TV and Movies on mobile: Netflix, Hulu, Amazon and more

By Posted 14 May 2013, 22:53

TV and movie viewing habits are changing. Cable and satellite companies have targeting, and catering to, consumers with high-definition big screen TVs. Now, it’s time to deal with smaller screens. 41% of mobile device users say they watch videos on their phone, according to Business Insider. That’s up from 20% in 2012. Tablet users are beginning to mirror their home TV watching on their devices.

TV and Movies on mobile: Netflix, Hulu, Amazon and more

Services like Netflix and Hulu have already made their way into the mobile market. Consumers want choices. They want to be able to watch their favorite shows at home on their HD TVs as well as on their smartphone or tablet. Giving them this seamless capability is the goal of streaming digital services. The arena is competitive and it is heating up.

You Can Take It With You – Hulu is seeing a growth in subscriptions (and their competition with cable companies) by producing their own programs, IT World online reports. Previously just portals to existing TV and movie content, services such as Hulu, Netflix and Amazon are creating their own unique content.

This blurs the distinction between TV and streaming Internet content. But that goes both ways, as cable providers are branching into mobile themselves. According to Cable-tv, cable and satellite providers are also offering mobile content via smartphone apps.

Briefly reviewed on The Verge, DirecTV Voice is a mobile app being released shortly in beta. This app lets the smartphone or tablet user search the DirecTV database for content, schedule it to be recorded, or start it playing either on the mobile device or big screen. Here, they hope, is the seamless content viewing consumers want. A person could start watching CNN on their HD TV at home and takes it with them on their smartphone to the office.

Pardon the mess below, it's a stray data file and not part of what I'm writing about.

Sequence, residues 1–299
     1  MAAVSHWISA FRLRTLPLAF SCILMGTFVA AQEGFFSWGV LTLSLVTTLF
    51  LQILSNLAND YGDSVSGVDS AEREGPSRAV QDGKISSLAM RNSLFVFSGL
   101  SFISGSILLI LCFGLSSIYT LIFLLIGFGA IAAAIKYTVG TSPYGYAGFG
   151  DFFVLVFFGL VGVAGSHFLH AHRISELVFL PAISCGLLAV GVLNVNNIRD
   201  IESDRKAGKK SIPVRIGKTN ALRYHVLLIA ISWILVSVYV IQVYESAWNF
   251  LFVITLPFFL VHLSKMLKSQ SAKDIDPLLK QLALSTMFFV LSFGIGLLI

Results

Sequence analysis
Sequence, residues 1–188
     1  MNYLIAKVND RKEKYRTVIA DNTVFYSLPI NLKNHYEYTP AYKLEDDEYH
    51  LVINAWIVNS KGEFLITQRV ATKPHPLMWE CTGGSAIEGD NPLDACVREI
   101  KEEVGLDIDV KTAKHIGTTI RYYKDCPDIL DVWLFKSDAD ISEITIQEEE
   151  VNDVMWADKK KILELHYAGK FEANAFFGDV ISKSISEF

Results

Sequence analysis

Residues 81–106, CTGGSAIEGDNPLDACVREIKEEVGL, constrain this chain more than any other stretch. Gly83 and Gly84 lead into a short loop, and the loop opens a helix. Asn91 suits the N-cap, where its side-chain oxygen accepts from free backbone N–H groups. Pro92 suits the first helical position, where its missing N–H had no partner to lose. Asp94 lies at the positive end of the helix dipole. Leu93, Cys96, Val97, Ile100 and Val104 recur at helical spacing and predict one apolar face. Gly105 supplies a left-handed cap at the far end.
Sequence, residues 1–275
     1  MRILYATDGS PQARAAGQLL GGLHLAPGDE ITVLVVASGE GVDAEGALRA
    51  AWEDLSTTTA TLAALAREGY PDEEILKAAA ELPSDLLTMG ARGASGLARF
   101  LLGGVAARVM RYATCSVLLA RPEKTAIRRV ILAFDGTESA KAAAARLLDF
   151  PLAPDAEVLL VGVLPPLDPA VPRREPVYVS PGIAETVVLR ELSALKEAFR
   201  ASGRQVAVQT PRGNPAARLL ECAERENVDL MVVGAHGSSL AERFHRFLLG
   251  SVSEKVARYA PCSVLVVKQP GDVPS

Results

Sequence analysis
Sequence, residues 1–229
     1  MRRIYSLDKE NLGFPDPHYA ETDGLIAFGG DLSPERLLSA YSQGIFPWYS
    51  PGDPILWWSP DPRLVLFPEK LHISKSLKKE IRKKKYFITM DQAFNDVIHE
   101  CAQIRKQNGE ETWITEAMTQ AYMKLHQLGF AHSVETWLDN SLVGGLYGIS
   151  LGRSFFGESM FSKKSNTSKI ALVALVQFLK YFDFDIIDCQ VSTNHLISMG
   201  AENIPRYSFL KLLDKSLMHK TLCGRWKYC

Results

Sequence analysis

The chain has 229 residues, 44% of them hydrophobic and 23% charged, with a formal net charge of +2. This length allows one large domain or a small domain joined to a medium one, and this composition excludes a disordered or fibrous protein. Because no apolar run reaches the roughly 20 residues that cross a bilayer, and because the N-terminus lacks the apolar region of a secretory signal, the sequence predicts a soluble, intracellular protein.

Where To Start – If a person can get cable TV content on their mobile devices and streaming Internet content on their HD TVs, where does one start? A Business Insider review of Netflix and Amazon Instant Video rate them very close in features. Their streaming content is available on iPads, iPhones, Kindles, Blu-Ray players and Smart TVs.

As the consumer use of mobile devices to watch TV shows and movies grows, cable companies will be pushed to deliver more features to compete. A big hurdle for these companies will be price. At $7.99 a month for Netflix and $79 a year for Amazon Prime, which includes streaming content, cable services will need to come up with more value for their $100 plus monthly charge.

Everyone Can Watch What They Want – Imagine mom and dad, son and daughter at home in the evening, all wanting to watch something different at the same time. If you had an HD TV in the living room, family room and in each of the two kids’ rooms, how much will it cost to watch different programs on each screen with the cable TV provider? When decoder boxes are factored in, it can be a ton of money.

Mobile Magazine reports that Netflix is ready to release a four-stream subscription option for $11.99 a month. Add a $25 cable from eBay for everyone to connect their tablet or smartphone to their HD TVs, and the problem is solved, cheaply. This is one area where the streaming Internet providers have flexibility over the cable TV companies.

Cable TV To Go, Please – If a person doesn’t have cable TV, they can go directly to the source. HBO offers all of their program content on their website, HBO Go. Subscribers log in with their account information and watch what they want. They can even watch it on their favorite mobile device.

What if someone shares their account information with other family members or friends? That doesn’t seem to be a problem, according to a Business Insider report on HBO Go. HBO realizes that it’s tough knowing who is really logged into the their service. But they do know that people are watching their programs. One possibility is that once they’ve reached a point of market saturation, they change their policy and offer online subscriptions to those people who can’t do without their programming.

A War Where the Consumer Wins – The competition to win over the consumer with their mobile viewing habits will result in more apps, more options and features, and probably better pricing. People are watching the various players to see what innovations come out of the battle. This is not an area where revamped features will excite consumers. It will be the new, never-before-tried concepts that will draw in the mobile consumers.

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